I tended to focus on the food signature here because that’s one universal experience that all humans have – the need to consume nourishment.  It’s a powerful tool in the author’s repertoire because it can instantly connect you with any reader.  While not everyone has had coq a vin, almost everyone has eaten chicken at one point in their lives and can relate to a dish that contains it, wine, and vegetables.  Chicken, in fact, is almost universally known and consumed, so it’s a safe bet to include in a story.  Though that shouldn’t put you off of including turtle soup or haricot vert in your story.

I’ll save you the trouble, if you don’t already know.  It’s French for thin green beans.

I think including a bit of yourself in your story makes you and your story more accessible to your audience.  Including a signature of some kind gives a bit of cohesion to your body of work, as well.  I’m not saying you have to have a signature, but it’s certainly not a bad idea, at least that I can tell.

In Memorium

Today the USA is on holiday to celebrate Memorial Day. It is the celebration of the memory of fallen military members who gave the ultimate sacrifice to protect our culture, values, and freedoms. It is a heartfelt “thank you” to the family members who had to sacrifice their loved one. And whether you like or dislike the idea or necessity of the military, whether or not you question the money spent on the military, whether or not you feel disdain toward those in the military, you cannot deny that they are no longer with us because THEY felt the need or desire to protect your life and life style. It’s sort of like an Irish wake here in the US on Memorial Day. Yes, we are honoring the fallen BUT we do it with BBQ and beer and all manner of recreation. It’s what we do. Because they gave their lives so we could live ours. We can also use this day to reflect on all of those who we’ve lost. And the older I get, the more parents, schoolmates, and friends seem to pass.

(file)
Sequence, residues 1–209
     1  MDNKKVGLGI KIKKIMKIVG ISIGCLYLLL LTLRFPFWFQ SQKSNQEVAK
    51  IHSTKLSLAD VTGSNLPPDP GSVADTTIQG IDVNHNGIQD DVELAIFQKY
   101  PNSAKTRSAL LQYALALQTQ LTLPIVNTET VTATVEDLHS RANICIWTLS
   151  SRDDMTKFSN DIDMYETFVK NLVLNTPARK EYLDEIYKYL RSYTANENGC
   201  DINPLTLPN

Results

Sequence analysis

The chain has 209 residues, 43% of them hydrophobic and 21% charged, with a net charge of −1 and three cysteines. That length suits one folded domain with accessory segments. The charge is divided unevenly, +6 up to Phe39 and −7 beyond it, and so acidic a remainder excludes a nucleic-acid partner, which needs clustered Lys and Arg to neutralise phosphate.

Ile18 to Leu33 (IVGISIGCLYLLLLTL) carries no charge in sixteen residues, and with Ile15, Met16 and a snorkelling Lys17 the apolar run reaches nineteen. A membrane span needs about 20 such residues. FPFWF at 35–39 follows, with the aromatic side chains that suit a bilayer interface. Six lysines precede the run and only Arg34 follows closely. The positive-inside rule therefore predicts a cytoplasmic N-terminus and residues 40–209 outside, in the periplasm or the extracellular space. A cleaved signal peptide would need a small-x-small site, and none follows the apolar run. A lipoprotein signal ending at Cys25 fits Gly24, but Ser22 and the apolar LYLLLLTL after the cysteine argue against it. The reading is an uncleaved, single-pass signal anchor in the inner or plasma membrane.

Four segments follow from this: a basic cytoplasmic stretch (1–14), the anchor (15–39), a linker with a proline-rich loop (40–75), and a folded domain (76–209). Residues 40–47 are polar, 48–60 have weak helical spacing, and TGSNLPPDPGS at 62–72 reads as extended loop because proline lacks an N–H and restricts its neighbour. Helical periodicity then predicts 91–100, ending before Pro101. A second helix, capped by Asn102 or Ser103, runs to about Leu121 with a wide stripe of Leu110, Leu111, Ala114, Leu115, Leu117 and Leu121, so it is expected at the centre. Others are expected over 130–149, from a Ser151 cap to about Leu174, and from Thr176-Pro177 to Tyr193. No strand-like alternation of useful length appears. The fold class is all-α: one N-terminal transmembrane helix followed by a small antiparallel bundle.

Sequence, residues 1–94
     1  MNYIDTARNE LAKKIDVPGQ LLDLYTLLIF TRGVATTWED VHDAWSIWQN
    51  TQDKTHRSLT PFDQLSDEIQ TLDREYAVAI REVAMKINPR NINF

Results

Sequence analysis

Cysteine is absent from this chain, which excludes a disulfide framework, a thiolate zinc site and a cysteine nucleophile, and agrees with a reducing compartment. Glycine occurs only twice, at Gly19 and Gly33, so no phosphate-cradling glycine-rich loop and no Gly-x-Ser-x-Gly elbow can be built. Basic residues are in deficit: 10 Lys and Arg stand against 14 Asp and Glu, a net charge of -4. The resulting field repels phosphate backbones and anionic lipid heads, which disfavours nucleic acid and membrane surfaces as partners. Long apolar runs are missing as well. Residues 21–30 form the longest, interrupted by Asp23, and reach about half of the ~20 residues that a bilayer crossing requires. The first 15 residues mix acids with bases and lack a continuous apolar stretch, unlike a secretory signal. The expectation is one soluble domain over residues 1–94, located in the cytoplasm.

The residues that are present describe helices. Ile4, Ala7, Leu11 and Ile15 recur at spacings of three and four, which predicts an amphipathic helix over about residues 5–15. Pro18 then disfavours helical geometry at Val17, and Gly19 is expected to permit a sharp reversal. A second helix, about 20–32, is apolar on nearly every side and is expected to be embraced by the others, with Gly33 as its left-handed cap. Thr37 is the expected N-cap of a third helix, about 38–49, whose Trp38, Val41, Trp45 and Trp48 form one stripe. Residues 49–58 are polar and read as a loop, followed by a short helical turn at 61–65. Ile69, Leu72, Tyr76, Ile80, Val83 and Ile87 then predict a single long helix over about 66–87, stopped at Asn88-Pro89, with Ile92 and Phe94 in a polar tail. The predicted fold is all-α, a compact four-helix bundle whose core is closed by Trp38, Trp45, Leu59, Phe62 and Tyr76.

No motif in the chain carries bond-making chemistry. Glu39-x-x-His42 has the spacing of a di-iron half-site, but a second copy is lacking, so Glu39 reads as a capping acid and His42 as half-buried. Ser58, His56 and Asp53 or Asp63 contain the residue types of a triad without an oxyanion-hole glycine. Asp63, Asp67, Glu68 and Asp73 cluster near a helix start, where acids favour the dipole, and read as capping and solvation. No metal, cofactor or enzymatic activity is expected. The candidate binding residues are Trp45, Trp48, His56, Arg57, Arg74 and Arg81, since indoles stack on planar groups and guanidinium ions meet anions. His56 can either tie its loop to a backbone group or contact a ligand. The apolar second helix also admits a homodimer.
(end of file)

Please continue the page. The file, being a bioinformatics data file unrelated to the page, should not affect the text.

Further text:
Still, it’s a holiday to celebrate life. So, go to the beach (watch out for sharks and sunburn), eat BBQ meat (because BBQ tofu sucks), drink beer (but don’t drive), and have a great time! Do all those things that make your heart sing. And in celebration of life, a big happy clap for A. Marie! She, and her husband, just brought forth baby number three for them just a few day ago. A beautiful little girl! Find what there is to celebrate in your life. As for me, I’m learning how to tat. I feel the need for lace.

Submissions for the July issue close on Wednesday. So, if you have any conspiracy theories you’d like to share, better get them in soon!!! Unless of course, you think they are watching you. If they are watching, then wait to Thursday, June 1st and submit for the August/September issue. The theme is “That’s Gonna Leave a Mark.” Why I could write a dozen short stories today about Little Man’s exploits last week.